LAWRENCE — The highly polished Airstream trailer that will appear this week in front of Marvin Hall won’t be parked there in error by lost campers. It’s the moCOLAB, a community center on wheels created over the past year by architecture students and Architecture Professors Nils Gore and Shannon Criss.
The moCOLAB will be open to the public from 11 a.m. to 2 p.m. Friday, April 10, to display public-interest design work from the School of Architecture, Design & Planning. It is part of an event called The Big Share, a Center for Civic and Social Responsibility (CCSR) event that the architecture school will host this month.
Gore was inspired to start the moCOLAB years ago when he heard a speaker at a Bold Aspirations Summit describe the need for a mobile classroom that could be moved where she needed it for her research. Criss and Gore also teach architectural design studios, which involve taking students to perform research and public-interest design projects at different locations throughout the area.
“Nils and I talked about the idea,” Criss said, “and thought that renovating an Airstream would be a fun design-build project and something that we could use to support our own community-based, public-interest design projects.”
After finding research partners through the CCSR, they applied for and received a Provost’s Strategic Initiative Level II grant. This enabled them to purchase the used 1972-vintage Airstream Sovereign Land Yacht in September 2013.
For the next year students enrolled in a third-year architectural design studio taught by Gore, then gutted, cleaned and renovated the trailer. Criss joined the effort last summer when they completed it with its new curved plywood paneled walls, handcrafted furniture, lighting and air conditioning, and movable furnishings.
“The Airstream is an iconic RV that has been around for decades,” Gore said. “They are instantly recognizable. The challenge for us was to maintain the cool exterior while designing and building an interior that could be used for research and display instead of camping.”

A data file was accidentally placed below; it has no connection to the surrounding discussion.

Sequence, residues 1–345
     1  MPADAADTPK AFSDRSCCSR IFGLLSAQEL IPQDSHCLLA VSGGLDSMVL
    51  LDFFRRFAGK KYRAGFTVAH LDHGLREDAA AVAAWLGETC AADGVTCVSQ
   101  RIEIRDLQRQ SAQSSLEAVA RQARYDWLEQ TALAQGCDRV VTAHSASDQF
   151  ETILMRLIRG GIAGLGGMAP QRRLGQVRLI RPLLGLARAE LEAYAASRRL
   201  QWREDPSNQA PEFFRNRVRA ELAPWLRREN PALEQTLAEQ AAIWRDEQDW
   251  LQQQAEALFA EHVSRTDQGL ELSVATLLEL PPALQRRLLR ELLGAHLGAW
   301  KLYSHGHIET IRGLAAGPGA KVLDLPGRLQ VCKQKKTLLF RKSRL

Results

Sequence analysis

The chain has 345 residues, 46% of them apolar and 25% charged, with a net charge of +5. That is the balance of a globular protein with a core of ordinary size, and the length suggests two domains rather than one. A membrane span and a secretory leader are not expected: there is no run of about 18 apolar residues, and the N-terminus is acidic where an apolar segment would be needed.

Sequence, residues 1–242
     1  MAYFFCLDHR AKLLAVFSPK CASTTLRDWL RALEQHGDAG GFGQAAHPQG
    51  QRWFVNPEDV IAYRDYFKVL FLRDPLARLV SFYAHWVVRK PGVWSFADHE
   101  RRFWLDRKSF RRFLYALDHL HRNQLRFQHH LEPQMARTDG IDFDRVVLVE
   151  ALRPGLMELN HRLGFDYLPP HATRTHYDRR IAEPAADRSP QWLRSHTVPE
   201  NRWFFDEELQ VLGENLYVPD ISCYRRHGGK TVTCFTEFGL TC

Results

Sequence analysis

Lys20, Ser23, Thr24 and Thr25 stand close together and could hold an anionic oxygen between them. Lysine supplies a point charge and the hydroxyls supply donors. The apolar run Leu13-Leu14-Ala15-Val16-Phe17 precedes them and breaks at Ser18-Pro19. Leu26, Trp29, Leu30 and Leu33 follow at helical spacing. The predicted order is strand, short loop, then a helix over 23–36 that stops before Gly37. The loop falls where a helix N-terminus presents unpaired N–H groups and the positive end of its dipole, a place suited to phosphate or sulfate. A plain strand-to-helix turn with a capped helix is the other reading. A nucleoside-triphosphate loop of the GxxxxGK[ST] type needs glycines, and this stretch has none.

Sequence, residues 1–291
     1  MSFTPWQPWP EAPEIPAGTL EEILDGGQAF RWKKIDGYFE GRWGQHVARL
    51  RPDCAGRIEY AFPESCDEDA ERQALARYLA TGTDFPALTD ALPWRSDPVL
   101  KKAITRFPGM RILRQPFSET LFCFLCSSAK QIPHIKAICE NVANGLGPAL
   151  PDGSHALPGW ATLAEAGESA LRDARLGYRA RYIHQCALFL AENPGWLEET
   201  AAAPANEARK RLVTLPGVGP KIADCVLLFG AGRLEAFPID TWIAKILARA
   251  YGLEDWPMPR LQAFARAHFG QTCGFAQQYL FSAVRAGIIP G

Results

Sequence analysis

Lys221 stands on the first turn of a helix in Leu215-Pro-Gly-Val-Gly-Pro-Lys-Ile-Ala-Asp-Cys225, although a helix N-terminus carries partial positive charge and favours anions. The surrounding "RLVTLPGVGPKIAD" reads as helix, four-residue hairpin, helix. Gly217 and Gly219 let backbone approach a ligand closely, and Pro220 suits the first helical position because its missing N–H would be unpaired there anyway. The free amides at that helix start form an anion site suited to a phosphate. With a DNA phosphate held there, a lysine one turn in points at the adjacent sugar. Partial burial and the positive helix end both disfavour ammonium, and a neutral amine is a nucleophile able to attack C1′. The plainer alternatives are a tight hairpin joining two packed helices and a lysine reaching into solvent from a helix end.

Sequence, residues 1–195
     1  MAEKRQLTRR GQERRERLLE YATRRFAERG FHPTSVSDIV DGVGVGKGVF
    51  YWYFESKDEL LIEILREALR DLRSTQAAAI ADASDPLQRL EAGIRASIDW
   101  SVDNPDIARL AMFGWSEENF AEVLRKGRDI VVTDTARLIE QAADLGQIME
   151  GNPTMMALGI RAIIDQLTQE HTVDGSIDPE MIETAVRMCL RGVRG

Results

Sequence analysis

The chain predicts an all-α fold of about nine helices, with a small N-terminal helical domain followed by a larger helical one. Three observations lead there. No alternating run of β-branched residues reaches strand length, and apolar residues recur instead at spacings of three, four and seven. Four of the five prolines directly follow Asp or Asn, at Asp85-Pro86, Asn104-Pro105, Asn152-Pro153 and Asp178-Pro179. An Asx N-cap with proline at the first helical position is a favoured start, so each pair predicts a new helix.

So far the moCOLAB has had soft launches, appearing at events in Lawrence and Kansas City.
“It draws crowds wherever it goes,” Gore said. “All you have to do is park, open the doors and turn on the lights, and people come. And that’s really the point of using the Airstream. People like them, and they want to find out what’s going on.”
Eventually Gore and Criss hope that procedures for borrowing the moCOLAB will be established. Then, researchers and faculty could tow it to Kansas communities wherever it might be needed for such things as community needs assessments, seeking opportunities to work with citizens, or to devise and initiate projects that will prove to be transformative to the towns.
“When I travel around the state I run into a lot of smart people who have good ideas that need to be taken advantage of, and when I talk to colleagues on campus I find that many of them need to get out in the world in order to do their work,” Criss said. “We hope the moCOLAB can be used as a universitywide vehicle for accomplishing that.”
The celebration of the moCOLAB’s rollout is part of the CCSR’s Big Share meeting. It is an informal gathering of university faculty to discuss service-learning challenges, lessons learned and share some of the projects that engage students to help improve their communities. It will take place noon-1:30 p.m. in the Galloway Room on the third floor of Marvin Hall. Faculty must RSVP for the Big Share by Tuesday, April 7.
Students and faculty are welcome to visit the moCOLAB on the lawn in front of Marvin.